Raymond


Raymond
/ray"meuhnd/, n.
1. Henry Jarvis /jahr"vis/, 1820-69, U.S. publicist: founder of The New York Times.
2. a male given name: from Germanic words meaning "counsel" and "protection."

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(as used in expressions)
Aron Raymond Claude Ferdinand
Raymond Walter Goulding
Chandler Raymond Thornton
Tyrus Raymond Cobb
Dart Raymond Arthur
Flatt Lester Raymond
Hood Raymond Mathewson
Kroc Raymond Albert
Leavis Frank Raymond
Raymond Lully
Loewy Raymond Fernand
McCarthy Joseph Raymond
Moley Raymond Charles
Poincaré Raymond
Pompidou Georges Jean Raymond
Queneau Raymond
Raymond Nicholas Kienzle
Raymond of Saint Gilles
Raymond of Peñafort Saint
Raymond Antonin
Toulouse Lautrec Monfa Henri Marie Raymond de
White Byron Raymond

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▪ prince of Antioch
byname  Raymond of Poitiers , French  Raimond de Poitiers 
born c. 1099
died June 29, 1149

      prince of Antioch (1136–49) who successfully resisted the attempts of the Byzantine emperor John II (John II Comnenus) to establish control over the principality.

      Raymond was the younger son of William VII, count of Poitiers, in west-central France. In 1135 King Fulk of the Latin kingdom of Jerusalem, regent for the heiress Constance of Antioch, sent envoys to offer her in marriage to Raymond, who was then at the court of Henry I of England. Raymond arrived in Antioch in April 1136 and married the nine-year-old Constance, thereby becoming ruler of Antioch.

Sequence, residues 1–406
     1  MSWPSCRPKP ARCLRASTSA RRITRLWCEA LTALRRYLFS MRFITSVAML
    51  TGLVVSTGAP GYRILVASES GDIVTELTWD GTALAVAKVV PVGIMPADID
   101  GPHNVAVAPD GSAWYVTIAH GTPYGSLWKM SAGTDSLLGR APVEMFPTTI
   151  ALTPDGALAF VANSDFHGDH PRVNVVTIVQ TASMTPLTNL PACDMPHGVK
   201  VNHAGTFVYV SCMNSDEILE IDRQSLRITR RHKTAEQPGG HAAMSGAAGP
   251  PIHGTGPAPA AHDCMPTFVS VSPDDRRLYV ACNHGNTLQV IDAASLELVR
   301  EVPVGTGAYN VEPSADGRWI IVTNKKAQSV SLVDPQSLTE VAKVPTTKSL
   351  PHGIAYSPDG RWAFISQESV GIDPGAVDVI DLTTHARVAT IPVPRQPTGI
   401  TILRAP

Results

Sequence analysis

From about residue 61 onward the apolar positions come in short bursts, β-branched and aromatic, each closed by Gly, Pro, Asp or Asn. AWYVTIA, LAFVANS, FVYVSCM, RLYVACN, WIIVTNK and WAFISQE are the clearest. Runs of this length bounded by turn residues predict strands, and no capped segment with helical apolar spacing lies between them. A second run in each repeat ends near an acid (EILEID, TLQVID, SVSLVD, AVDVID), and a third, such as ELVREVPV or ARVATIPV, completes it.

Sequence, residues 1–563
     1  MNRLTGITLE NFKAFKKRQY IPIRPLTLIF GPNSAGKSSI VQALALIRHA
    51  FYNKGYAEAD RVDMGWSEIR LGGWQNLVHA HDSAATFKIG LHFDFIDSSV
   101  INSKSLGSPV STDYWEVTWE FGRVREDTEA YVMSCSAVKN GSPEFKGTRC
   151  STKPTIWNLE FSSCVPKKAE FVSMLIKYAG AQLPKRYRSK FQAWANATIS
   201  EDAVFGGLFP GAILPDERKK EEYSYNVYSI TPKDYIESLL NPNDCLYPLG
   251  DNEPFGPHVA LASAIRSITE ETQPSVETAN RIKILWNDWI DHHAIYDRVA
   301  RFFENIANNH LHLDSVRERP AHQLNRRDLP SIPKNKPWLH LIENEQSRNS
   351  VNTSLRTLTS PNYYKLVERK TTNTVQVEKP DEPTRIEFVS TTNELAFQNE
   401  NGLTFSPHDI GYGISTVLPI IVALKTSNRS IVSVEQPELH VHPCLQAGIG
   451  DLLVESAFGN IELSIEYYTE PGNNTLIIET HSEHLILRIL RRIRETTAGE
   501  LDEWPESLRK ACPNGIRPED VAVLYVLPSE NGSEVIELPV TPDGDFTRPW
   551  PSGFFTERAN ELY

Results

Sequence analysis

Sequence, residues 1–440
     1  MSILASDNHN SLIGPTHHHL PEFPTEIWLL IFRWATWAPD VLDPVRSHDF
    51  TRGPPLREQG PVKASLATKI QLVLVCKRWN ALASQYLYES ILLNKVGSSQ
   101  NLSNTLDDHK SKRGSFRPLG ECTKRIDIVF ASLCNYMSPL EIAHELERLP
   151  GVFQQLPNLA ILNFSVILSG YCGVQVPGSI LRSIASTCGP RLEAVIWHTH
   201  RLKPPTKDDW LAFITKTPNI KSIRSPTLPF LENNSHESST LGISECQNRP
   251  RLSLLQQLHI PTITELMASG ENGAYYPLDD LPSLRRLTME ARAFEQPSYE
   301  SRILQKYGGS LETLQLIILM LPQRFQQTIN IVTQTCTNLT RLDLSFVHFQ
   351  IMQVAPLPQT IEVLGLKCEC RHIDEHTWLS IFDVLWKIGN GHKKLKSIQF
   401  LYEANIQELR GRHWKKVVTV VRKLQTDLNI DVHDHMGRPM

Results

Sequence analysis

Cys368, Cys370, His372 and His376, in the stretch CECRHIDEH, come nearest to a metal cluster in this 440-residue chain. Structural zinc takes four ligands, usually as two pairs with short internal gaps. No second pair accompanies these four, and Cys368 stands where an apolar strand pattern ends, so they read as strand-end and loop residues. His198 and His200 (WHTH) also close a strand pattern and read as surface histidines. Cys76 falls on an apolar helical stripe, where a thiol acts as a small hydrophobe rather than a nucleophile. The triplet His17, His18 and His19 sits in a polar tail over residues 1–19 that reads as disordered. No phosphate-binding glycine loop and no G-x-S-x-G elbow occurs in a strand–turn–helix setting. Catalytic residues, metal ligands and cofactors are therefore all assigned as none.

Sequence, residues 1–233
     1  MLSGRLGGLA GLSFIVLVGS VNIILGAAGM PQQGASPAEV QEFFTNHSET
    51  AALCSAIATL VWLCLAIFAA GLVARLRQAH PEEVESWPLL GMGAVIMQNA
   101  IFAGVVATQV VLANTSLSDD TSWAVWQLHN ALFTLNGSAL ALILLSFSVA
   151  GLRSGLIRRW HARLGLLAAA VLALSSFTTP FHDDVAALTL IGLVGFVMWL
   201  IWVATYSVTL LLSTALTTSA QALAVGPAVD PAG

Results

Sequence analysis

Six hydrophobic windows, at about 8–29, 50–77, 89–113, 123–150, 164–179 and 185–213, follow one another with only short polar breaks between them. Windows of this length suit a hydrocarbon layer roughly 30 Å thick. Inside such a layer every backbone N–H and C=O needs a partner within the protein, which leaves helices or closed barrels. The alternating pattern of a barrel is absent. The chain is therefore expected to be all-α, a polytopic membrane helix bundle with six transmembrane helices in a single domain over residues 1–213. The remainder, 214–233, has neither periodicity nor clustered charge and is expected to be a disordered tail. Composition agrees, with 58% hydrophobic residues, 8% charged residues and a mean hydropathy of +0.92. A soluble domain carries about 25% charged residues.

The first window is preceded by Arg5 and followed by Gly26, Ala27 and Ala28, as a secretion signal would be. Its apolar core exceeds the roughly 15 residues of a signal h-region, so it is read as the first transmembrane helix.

The Byzantine Empire had claimed Antioch ever since the First Crusade (1095–99), when the Crusaders had promised to hand over the city to the empire but instead had kept it themselves. In August 1137 Emperor John II Comnenus arrived at Antioch and forced Raymond to agree to cede Antioch to him in exchange for territory around Aleppo—provided it could be captured from the Muslims. In April and May 1138 Raymond and John battled the Muslims with some success. John then made a solemn entry into Antioch, but Raymond managed to evade John's request for control of the citadel, and John soon left.

      In September 1142 John, who was campaigning in Syria, again demanded that Antioch be handed over to him in exchange for a yet-to-be-conquered principality. Raymond barred the Byzantines from the city, and they then prepared to invade Antioch. John died, however, in April 1143, and Raymond, attempting to take advantage of John's death, invaded Cilicia to the north but was repulsed and driven back to Antioch. The Byzantines then ravaged the country north of the city, while their fleet raided the coast of the principality. The following year Edessa fell to the Muslims, exposing Antioch to attack from the northeast. Therefore, Raymond visited Constantinople in 1145 to conciliate John's successor, Manuel I.

      In the spring of 1148, when Louis VII of France and his wife, Eleanor of Aquitaine, who were participating in the Second Crusade, visited Antioch, Raymond wisely urged Louis to attack Aleppo, the northern Syrian base of the Muslim leader Nūr al-Dīn. For religious reasons, however, Louis decided to campaign closer to Jerusalem and the Holy Sepulchre. Raymond's relations with Eleanor, his niece, gave rise to scandalous rumours. When Eleanor took her uncle's side concerning the attack on Aleppo, Louis placed her under house arrest and took her and his troops to Jerusalem. In 1149 Raymond was slain in a battle against Nūr al-Dīn.

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Universalium. 2010.

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